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Extra chance for overseas nurses to pass NMC's English language tests

Nursing and Midwifery Council makes changes to its English language requirements for overseas nurses joining its register in the wake of staffing pressures.

The Nursing and Midwifery Council has announced that overseas nurses will have an extra chance to pass English language tests.

Nurses and midwives who have trained overseas and within the European economic area must achieve a score of 7 or above in reading, writing, speaking and listening tests under the International English Language Testing System (IELTS) to be eligible to join the NMC register and work in the UK.

Candidates previously had to score at least 7 in all 4 tests in one sitting. But some NHS employers said that was too difficult, and was hampering the recruitment of overseas nurses to fill staff shortages.

Jackie Smith
NMC chief executive Jackie Smith says she is 'mindful of the staffing pressures in the health service'.
Picture: Barney Newman

The NMC now says that candidates must get a score of 7 or above in all 4 components, but can now do this over 2 sittings in a 6-month period. However, no single score can be below 6.5 in any of the areas during both tests.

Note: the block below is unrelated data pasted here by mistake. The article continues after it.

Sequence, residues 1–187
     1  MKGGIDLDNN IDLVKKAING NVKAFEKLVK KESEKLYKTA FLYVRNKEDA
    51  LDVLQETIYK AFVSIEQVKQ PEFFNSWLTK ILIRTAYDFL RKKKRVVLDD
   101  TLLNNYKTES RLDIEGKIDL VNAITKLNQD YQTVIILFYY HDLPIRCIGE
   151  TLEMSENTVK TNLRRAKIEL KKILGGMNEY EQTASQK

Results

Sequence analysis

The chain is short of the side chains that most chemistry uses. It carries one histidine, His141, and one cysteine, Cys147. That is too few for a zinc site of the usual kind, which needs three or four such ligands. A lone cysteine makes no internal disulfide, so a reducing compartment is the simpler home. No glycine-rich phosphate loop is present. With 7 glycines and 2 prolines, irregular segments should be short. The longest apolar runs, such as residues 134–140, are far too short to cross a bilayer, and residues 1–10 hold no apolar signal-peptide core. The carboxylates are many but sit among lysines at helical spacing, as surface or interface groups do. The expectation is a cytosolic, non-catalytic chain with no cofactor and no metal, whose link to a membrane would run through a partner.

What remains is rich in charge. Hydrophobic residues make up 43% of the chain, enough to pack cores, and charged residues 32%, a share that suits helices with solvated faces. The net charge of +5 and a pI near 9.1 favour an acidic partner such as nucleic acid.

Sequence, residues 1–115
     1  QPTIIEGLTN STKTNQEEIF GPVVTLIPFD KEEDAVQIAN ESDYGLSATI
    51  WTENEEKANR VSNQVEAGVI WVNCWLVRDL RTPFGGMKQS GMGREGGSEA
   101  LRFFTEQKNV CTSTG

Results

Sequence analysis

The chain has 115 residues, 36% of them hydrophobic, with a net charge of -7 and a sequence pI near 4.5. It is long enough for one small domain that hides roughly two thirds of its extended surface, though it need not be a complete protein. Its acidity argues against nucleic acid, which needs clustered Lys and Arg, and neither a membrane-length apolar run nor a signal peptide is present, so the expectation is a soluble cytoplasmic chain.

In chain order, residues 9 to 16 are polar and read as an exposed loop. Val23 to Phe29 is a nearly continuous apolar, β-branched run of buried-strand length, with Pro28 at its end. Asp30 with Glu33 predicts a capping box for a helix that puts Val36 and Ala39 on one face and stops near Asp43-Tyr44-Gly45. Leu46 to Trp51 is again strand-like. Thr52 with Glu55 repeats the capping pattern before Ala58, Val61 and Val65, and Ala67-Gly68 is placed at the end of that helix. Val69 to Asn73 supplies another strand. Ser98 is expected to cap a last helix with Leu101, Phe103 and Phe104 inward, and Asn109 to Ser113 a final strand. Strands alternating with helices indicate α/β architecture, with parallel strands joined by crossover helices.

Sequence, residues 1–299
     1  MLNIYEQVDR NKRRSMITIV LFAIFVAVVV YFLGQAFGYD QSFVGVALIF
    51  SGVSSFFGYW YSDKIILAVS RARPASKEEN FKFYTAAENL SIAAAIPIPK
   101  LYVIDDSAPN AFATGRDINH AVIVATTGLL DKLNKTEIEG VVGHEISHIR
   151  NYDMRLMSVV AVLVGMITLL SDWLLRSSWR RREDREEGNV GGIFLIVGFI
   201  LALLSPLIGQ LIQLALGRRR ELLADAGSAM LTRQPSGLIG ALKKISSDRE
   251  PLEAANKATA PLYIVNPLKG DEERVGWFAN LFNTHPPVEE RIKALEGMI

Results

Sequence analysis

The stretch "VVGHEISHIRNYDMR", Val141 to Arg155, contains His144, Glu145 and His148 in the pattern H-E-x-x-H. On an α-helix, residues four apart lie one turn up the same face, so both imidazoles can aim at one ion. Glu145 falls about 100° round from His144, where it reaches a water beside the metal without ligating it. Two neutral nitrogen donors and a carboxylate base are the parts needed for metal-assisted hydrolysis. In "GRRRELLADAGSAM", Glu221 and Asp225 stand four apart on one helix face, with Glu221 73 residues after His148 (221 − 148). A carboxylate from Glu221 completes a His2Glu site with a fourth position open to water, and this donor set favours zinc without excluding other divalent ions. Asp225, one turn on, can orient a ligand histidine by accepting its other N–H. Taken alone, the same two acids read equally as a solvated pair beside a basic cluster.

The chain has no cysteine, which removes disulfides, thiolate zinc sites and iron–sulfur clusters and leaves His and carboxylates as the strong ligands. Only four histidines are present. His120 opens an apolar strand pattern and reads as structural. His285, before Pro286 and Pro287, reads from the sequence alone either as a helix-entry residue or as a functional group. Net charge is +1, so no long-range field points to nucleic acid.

More applicant flexibility

The NMC says this will give applicants more flexibility, while ensuring the required standard of English language is achieved.

NMC chief executive Jackie Smith said: ‘We are mindful of the staffing pressures in the health service and, after listening to feedback from stakeholders, we have introduced changes to our process.

‘We will continue to listen to feedback from nurses, midwives and their employers, and assess any opportunities to introduce further flexibility.’

'Move in the right direction'

Royal Wolverhampton Hospitals NHS Trust chief nurse Cheryl Etches welcomed the move.

More than 100 candidates recruited by her trust from the Philippines have taken the IELTS tests since last December, but less than 5 have passed so far, according to Ms Etches.

‘This is a move in the right direction,’ she said.

‘We need to step back and evaluate it, and see the impact it has in the next 6-9 months.’

'Missed opportunity'

But East and North Hertfordshire NHS Trust director of workforce and organisational development Thomas Simons said the changes were a ‘missed opportunity’.

Mr Simons previously wrote to the NMC with concerns about the system and made suggestions on tailoring it to make it easier to recruit from abroad, including lowering the pass mark to 6.5.

He said: ‘While I am pleased to see that the NMC has recognised the need for change, unfortunately what has been proposed is unlikely to make any real difference.’

He said a ‘genuine step forward’ would have been to allow nurses who achieve scores of 6.5 in any of the tests to start work in the UK and then have 6 months to reach level 7 with the support of their employer.

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